0% Complete
0/0 Steps
  1. Gads account organization
    9 Topics
    1 Quiz
  2. Search ads
    36 Topics
    1 Quiz
  3. Display Ads
    16 Topics
    1 Quiz
  4. Video Ads
    17 Topics
    1 Quiz
  5. Analytics
    19 Topics
    1 Quiz
  6. GAds Optimization
    8 Topics
    1 Quiz
  7. Audience Manager
    8 Topics
    1 Quiz
  8. GAds tools and settings
    26 Topics
    1 Quiz
  9. Google Ads and Facebook
    9 Topics
    1 Quiz
Lesson 6, Topic 5
In Progress

Negative Keywords

Lesson Progress
0% Complete

Negative keywords are those closely related phrases that aren’t relevant to your target. Filtering out these keywords in your Google Ads is an efficient way to save money and stretch your marketing budget just a little bit further.

What Are Negative Keywords?

Negative keywords are those that sound as though they would relate to your primary topic, but they don’t.

For example, let’s say you own a website that sells crystals and geodes to hobbyists.

You place Google ads for the search term red rocks.

When a random person types in that phrase into their search bar to look for information on attending a concert at the famed amphitheater in Colorado, they’re going to be sorely disappointed that all you’re doing is selling literal red rocks.

Thus, you’ve wasted a paid click.

This is how negative keywords work. 

Not only do they help you differentiate between specific subjects and those that are highly niche, but they also make it easier for people to find information about the topic they are interested in understanding.

By keeping your pay-per-click ad from showing up for people who aren’t looking for what’s on your website, you’re also helping minimize instances of low time on page, too.

Why Are Negative Keywords Used?

Simply put, negative keywords are designed to keep the search engine from mixing results up about differing topics.

As we showed in the example above, someone interested in Red Rocks Amphitheater in Colorado probably doesn’t want to buy scarlet-hued geodes.

Well, they could… But we digress.

By adding a list of negative keywords to your Google AdWords, you can help the cause and improve overall search intent by making it easier for the search engine to not show your ad for specific searches.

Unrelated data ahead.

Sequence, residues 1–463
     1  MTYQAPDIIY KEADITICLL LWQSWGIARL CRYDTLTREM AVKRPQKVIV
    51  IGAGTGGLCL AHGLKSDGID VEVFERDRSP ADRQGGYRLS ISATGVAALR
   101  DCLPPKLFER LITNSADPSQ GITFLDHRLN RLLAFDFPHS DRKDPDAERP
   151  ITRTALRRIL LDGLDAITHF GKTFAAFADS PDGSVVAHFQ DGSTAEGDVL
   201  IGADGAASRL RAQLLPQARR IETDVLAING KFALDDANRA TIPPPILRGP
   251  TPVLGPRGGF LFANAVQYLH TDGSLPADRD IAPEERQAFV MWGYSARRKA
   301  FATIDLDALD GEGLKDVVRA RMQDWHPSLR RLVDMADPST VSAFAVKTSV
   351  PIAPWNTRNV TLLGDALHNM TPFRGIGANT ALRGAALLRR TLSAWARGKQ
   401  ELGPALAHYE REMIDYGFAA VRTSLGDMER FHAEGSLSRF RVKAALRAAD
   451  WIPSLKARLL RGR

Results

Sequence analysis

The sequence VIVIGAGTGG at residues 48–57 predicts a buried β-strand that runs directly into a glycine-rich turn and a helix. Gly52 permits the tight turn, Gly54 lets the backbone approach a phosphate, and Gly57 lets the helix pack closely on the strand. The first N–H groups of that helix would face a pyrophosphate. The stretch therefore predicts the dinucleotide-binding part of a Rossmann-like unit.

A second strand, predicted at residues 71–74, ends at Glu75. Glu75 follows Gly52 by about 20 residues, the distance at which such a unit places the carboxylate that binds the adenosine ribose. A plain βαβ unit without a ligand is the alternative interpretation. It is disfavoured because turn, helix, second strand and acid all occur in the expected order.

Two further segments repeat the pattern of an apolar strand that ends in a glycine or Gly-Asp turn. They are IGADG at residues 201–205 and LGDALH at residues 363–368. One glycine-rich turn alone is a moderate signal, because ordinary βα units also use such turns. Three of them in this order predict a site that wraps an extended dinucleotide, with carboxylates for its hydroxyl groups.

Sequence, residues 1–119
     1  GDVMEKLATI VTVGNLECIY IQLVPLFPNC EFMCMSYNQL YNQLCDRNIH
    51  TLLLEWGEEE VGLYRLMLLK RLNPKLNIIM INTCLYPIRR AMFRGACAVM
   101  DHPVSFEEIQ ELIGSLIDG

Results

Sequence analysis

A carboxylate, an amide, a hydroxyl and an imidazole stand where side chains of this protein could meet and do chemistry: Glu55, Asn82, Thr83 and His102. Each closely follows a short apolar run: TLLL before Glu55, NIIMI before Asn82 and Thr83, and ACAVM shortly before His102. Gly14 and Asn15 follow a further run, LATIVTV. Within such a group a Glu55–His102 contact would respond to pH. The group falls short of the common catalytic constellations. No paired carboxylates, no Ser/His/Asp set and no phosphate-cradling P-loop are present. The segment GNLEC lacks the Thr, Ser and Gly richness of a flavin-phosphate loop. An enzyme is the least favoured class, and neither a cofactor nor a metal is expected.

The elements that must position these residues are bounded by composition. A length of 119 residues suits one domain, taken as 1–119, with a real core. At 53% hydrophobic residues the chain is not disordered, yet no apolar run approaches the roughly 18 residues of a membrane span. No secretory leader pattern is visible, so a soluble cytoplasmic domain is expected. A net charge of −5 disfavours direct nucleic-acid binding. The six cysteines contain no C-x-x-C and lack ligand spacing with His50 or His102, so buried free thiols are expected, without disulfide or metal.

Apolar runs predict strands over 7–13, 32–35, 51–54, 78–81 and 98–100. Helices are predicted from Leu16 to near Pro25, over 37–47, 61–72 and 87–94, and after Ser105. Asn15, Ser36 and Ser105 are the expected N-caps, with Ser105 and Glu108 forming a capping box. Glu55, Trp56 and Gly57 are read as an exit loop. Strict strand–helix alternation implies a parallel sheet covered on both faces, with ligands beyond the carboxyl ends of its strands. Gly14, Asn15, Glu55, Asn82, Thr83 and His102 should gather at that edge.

Taking the same example, you can use the term Red Rocks Amphitheater as a negative keyword.

If someone types in red rocks your ad will not show up. But it will for red rock and other similar options.

See what we’re getting at here?

Negative keywords are specifically designed to make it easier to drill down and reach your target audience while eliminating ad spend waste and streamlining your pay-per-click process.

Negative keywords help your ads show for searchers who are actively looking for your product. In effect, by only focusing on clicks/keywords that are most likely to convert, you will lower your overall cost-per-conversion, increase CTR, reduce audience reach in networks and the cost of achieving the goal.

Types of Negative Keywords

Of course, sometimes you want your ad to show up for broad phrases. 

That’s why there are varying negative keyword types within Google Ad Words to ensure you’re showing up in the places you want to and not in the ones you don’t.

Negative Broad Match Keywords

When using this process to eliminate keywords, negative broad match is the one that is used by default. 

Essentially, this will hide your ad from search when someone looks for a query with all of your keyword terms. 

However, if they leave one or more off, then your ad will still show.

Negative Phrase Match Keywords

A negative phrase match ensures your paid ad won’t show up if someone looks for those exact words in the same order, even if there are other words added. 

Using our example, a negative phrase match keyword for Red Rocks Amphitheater would still be blocked if the search query was Red Rocks Amphitheater in Colorado.

Negative Exact Match Keywords

When you list a phrase as a negative exact match keyword, your ads won’t show up when someone searches for the exact words in the same order with no additional terms added. 

This is a great option to use when it comes to brand names that are close together or your offer is similar to that of a competitor.

How to Find Negative Keywords